Continue reading “Obama’s mutual fund”
Things are looking up and very optimistic lately. The US economy still soudns depressed and people’s portfolios are also looking the same. However, companies are making money and hopefully, when they make money, they will decide to hire people. Continue reading “Things are looking up in the US Market”
A Revocable Living Trust, also simply called a Living Trust, is a legal document that is created by an individual, called a Trustmaker, to hold and own the Trustmaker’s assets, which are in turn invested and spent for the benefit of the Trustmaker.
This covers three phases of a Trustmaker’s life:
1. While the Trustmaker is alive and and in good health
2. If the Trustmaker becomes mentally incapacitated thus making him unable to decide for himself/herself.
3. After the Trustmaker dies.
Phase One of a Revocable Living Trust: The Trustmaker is Alive and Well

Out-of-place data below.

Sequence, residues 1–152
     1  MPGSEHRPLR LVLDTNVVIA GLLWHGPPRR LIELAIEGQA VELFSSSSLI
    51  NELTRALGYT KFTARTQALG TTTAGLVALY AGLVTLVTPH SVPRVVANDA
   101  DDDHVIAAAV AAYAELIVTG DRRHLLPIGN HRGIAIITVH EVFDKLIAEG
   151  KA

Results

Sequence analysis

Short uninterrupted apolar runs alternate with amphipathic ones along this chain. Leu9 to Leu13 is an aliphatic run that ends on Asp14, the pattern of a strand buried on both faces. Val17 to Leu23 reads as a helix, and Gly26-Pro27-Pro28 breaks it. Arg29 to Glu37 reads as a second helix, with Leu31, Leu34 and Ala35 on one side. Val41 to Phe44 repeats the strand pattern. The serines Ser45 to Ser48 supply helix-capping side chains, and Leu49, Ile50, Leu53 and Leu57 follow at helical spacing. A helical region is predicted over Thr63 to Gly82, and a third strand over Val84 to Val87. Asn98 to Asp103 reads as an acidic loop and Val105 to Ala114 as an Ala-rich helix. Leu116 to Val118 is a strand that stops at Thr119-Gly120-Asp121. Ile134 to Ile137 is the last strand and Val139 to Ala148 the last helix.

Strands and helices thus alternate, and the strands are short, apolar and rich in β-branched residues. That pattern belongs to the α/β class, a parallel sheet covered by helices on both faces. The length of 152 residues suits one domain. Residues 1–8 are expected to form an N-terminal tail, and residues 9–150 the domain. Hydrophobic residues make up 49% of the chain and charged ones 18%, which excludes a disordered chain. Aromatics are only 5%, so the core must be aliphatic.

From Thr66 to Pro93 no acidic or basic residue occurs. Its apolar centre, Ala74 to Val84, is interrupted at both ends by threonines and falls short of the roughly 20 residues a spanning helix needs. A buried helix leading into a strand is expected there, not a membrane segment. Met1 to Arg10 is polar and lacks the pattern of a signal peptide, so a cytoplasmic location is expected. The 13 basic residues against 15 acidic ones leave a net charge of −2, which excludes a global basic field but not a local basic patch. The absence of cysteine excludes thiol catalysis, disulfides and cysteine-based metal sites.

If the Trustmaker is good health and sound mind, the trust agreement will have specific rules allowing the Trustmaker to manage, invest, and spend the trust assets as he see fit. Thus, the Trustmaker will go about business as usual with regard to assets. The Trustmaker will also be able to use his or her own Social Security Number as the taxpayer identification number for the trust and file income taxes on IRS form 1040 instead of form 1041.
The next part of the article will cover phase two of a Revocable Living Trust.
If you have a mortgage and you would like to refinance it, here is a list of simple tips to help you go through the refinance process. Continue reading “Mortgage Refinance Tips”